CU Scientists Create Bio Bricks That May One Day Move The Needle On Climate Change

January 18, 2020
University of Colorado Boulder Structural Engineer Wil SrubarUniversity of Colorado Boulder Structural Engineer Wil SrubarGrace Hood/CPR NEWS
University of Colorado Boulder Structural Engineer Wil Srubar holds a building brick he developed that has cyanobacteria, which has been proven to absorb the heat-trapping gas carbon dioxide.

Heat-trapping gas that can seep from Colorado buildings is the third-largest source of emissions statewide. It’s a concern for environmental groups, which are rushing to restrict natural gas inside homes, and make office buildings more energy efficient. While that’s the most obvious avenue for change, one engineering professor at the University of Colorado Boulder has a different approach that could maximize emissions reductions.

Engineer Wil Srubar is creating new potential building materials that could one day suck carbon dioxide out of the air in the right conditions.

Deep inside the lab, Srubar is using temperature and humidity in a lab to grow bacteria, which mixed with sand and other materials can create a living brick. 

Here’s how it works: The mix sucks C02 from the atmosphere. It does this while forming a rigid structure that’s strong enough to bear similar loads to regular bricks.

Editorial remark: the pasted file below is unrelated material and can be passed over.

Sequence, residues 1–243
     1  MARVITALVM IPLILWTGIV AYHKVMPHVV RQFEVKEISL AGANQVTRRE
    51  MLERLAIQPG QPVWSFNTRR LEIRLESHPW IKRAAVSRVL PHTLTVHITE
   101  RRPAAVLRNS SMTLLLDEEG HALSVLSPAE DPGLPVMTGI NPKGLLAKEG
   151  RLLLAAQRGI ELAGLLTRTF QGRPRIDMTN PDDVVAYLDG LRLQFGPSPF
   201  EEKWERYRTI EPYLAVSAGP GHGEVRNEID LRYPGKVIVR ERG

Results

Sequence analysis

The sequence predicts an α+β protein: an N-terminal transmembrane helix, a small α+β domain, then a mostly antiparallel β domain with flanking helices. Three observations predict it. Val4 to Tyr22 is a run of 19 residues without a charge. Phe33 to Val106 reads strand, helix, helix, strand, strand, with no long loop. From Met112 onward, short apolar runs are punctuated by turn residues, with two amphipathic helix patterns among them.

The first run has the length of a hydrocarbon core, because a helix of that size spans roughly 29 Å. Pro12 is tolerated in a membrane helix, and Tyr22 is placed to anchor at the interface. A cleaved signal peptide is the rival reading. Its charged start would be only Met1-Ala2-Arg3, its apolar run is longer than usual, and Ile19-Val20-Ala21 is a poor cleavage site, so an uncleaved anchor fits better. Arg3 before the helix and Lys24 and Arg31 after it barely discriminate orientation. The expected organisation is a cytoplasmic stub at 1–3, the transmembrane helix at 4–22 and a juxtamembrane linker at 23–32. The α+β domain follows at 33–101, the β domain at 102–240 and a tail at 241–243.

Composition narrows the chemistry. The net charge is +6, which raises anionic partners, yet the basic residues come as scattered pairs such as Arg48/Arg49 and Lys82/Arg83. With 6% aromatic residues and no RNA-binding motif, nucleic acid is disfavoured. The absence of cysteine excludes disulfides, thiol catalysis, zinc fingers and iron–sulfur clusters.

“I envision a future in which we’re not burning the limestone to make the cement, we’re not melting the sand to make the glass, we’re not mining the ore to make steel,” said Srubar, who was a co-author on a paper about the subject. “We’re really using biology to grow materials that we choose to build with.”

The bricks look like a type of cement mixed with coarse sand, but they’re sturdy enough to stand on. They can fill grow and take up many shapes. Under hot and humid conditions, these bricks grow. That’s because they contain living bacteria.

If the bio bricks eventually replace steel and cement in building construction, they could yield another benefit: Even more reductions in C02. Manufacturers of both steel and cement emit a lot of carbon dioxide when they produce the materials

Also, these bricks can multiply on their own using cyanobacteria. Under the right conditions, they can absorb C02. 

“It’s pretty crazy,” said Srubar. “You can leverage the exponential growth of bacteria to exponentially manufacture materials. So you can split one brick into two. Two into four. Four into eight.”

Srubar developed the concept with the help of a team that included other engineers, a biochemist and graduate students. The paper was published in the journal Matter.

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